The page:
I’m lucky to work for a University with a Global outlook and presence. I’ve seen some interesting places, from Jerusalem to Johannesburg.
But I’d never been to Rome.
That all changed a few weeks ago when I was asked to help with the Board of Trustees winter meeting in Rome. I looked forward to a chance to see this unique and historic place and document the newly-completed Notre Dame Rome Centre.
So what do you pack for a week in Rome with the Board of Trustees? Well, a suit!! But besides that, what photo gear did I need? It’s all about the right tool for the job. First, there were no sporting events, so no heavy cameras or big long lenses. There would be several Masses and visits to museums and other quiet places and that meant small discreet cameras that don’t draw attention to themselves. In fact, I’d been advised that in one or two places it would help if I didn’t look like a professional photographer at all. More on that later!
Oh yeah, and anything I bring I have to carry, so being kind to my back was a priority, too. As I gathered up my gear I snapped a quick photo of the contents:
1. Passport–ain’t getting far without that!
2. 11″ MacBook Air–Back-friendly but packs a surprising punch handling large still and video files.
3. Itinerary and agenda–a trip like this is meticulously scheduled. Gotta know where to be and when.
4. Canon EOS 5D Mark III DSLR–small, lightweight but great for stills and video and has a “silent” mode which is pretty impressive.
5. Fuji X100s–I rented this camera specifically for this trip. It looks like a Leica from the 1950′s but is a fully modern digital camera. It doesn’t scream “Professional Photographer!” and–I can’t emphasize this enough–makes no noise at all. Dead. Silent.
6. Canon 70-200 f4 zoom–lightweight but has the telephoto reach when I need it
7. Canon 17-40mm f4 zoom–lightweight and sharp for wide angle shots
8. Canon 17mm TS-E–a specialized lens for photographing architecture in tight spaces. Heavy, but worth it.
9. Canon 8-15mm Fisheye zoom–I’d also been asked to do some 360-degree photos of the classrooms in the Rome Centre and this is the lens for that job.
10. Sony lavaliere microphone kit–for video interviews
11. Memory cards–CompactFlash and SD. Lots and lots of ‘em.
12. Benro compact tripod–I call it “Flat Stanley” because it folds up flat. Ideally I’d have a more robust tripod for steady video shots, but again, if I bring it I have to carry it.
13. Vivitar 285 Flash–almost never use it but I did need it once on this trip.
14. Pocket Wizard radio remotes–useful for a variety of things, but most handy as an intervalometer for time-lapse work.
15. External solid-state hard drive–for backing up the photo & video files. Solid state means it’s more robust if it gets dropped or handled roughly. (I’m looking at YOU, O’Hare ramp guys!) Can’t over-state how important it is to back up everything, ideally twice. That way if my computer got destroyed or stolen, I still had the images.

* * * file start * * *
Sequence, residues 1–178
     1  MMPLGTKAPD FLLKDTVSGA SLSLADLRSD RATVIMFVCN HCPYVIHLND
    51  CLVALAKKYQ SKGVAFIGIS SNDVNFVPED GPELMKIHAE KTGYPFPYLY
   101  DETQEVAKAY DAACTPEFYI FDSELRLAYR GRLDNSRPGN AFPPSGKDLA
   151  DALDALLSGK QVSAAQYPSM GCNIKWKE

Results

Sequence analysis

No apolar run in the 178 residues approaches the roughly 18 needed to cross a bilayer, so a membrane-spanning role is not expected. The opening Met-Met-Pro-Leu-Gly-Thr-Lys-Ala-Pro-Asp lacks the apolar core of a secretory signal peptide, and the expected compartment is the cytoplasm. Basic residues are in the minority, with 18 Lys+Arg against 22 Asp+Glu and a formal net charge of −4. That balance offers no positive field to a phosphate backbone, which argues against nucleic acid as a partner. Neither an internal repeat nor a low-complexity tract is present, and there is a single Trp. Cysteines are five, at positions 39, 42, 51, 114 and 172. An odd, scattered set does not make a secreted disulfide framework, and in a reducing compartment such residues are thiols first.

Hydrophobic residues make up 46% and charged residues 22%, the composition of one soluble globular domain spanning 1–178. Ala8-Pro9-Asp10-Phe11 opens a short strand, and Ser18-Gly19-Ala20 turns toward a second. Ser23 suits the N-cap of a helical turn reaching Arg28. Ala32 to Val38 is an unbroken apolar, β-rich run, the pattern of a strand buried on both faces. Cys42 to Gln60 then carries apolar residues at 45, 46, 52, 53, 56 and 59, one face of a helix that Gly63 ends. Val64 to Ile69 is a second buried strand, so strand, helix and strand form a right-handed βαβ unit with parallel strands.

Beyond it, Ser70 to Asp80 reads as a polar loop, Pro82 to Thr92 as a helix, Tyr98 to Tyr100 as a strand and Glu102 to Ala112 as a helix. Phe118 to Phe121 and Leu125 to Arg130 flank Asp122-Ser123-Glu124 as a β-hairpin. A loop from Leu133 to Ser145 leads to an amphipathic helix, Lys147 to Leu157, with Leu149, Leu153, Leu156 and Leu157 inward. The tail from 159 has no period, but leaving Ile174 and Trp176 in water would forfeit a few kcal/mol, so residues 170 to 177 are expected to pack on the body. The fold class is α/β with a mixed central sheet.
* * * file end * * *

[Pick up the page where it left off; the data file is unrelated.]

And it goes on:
16. Extra batteries and chargers–self-explanatory.
17. iPod–Loaded with “This American Life” podcasts for those long-haul flights
18. USB battery pack–for iPhone and iPod
19. Reading material–(Rats, none of my photos in this issue.)
20. Think Tank backpack–Got this several years back. It’s gone a zillion miles with me and it looks like it’s brand-new. There is simply no better bag that can carry all my gear and easily fit into any airline carry-on bin. Just…please don’t weigh it.
21. Plug adaptors–Yay, most chargers these days accept multiple voltages, so I only need to bring plug adapters and not bulky power converters.
22. Gaffer tape–Never, ever leave home without it!!
Whew. It’s all about the right tools for the job and I’m happy to say I used all of it and never felt like I needed more.
Now, onto the pictures. Here’s a brief sample of some of my favorites from the week. (To see more, visit photos.nd.edu and search “Rome.”)
I seem to have bad luck when visiting world-famous monuments & structures in that they’re often covered in scaffolding. That was the case with the Colosseum. The taller, more ornate side of the structure was undergoing repair. Not that it looks bad from this angle, though! I arrived pre-dawn to do a time-lapse and I’m not ashamed to admit at that moment I was wishing there was a Starbuck’s nearby.
Notre Dame’s new Rome Centre. Notre Dame can make…well…anything happen. Parking in Rome is bumper-to-bumper in every square foot possible and some places you thought impossible. But on the day of the honorary degree ceremony at the Rome Centre, they managed to keep the front of the building clear, making it possible for me to get this clean image of the University’s newest global gateway.
Undergraduate Architecture students take a break from their studio and class work to play a little soccer. In the shadow of the Colosseum. How cool is that?
So I’m admitting to breaking a rule, here. Officially, photography is prohibited in the Sistine Chapel. Many reasons for that but one of the biggies is that the frescoes can be damaged by too much exposure to camera flashes. My Fuji X100s made it possible to make pictures in the dim lighting without a flash, and do so silently.
Fr. Jenkins takes a moment for some private reflection before Mass at St. Peter’s Basilica.
St. Peter’s Basilica is, in a word: Massive. This image of Notre Dame’s C.S.C. priests concelebrating Mass at the Altar of the Chair of St. Peter conveys the scale of the place.
We were fortunate to have the once-in-a-lifetime experience of a Papal Audience. I was again “officially” not allowed to make pictures at the event. The small and silent Fuji camera let me get a photo or two from the back of the room without drawing attention to myself.
Even on a rainy day Rome is beautiful. Hope to be back.
- Matt Cashore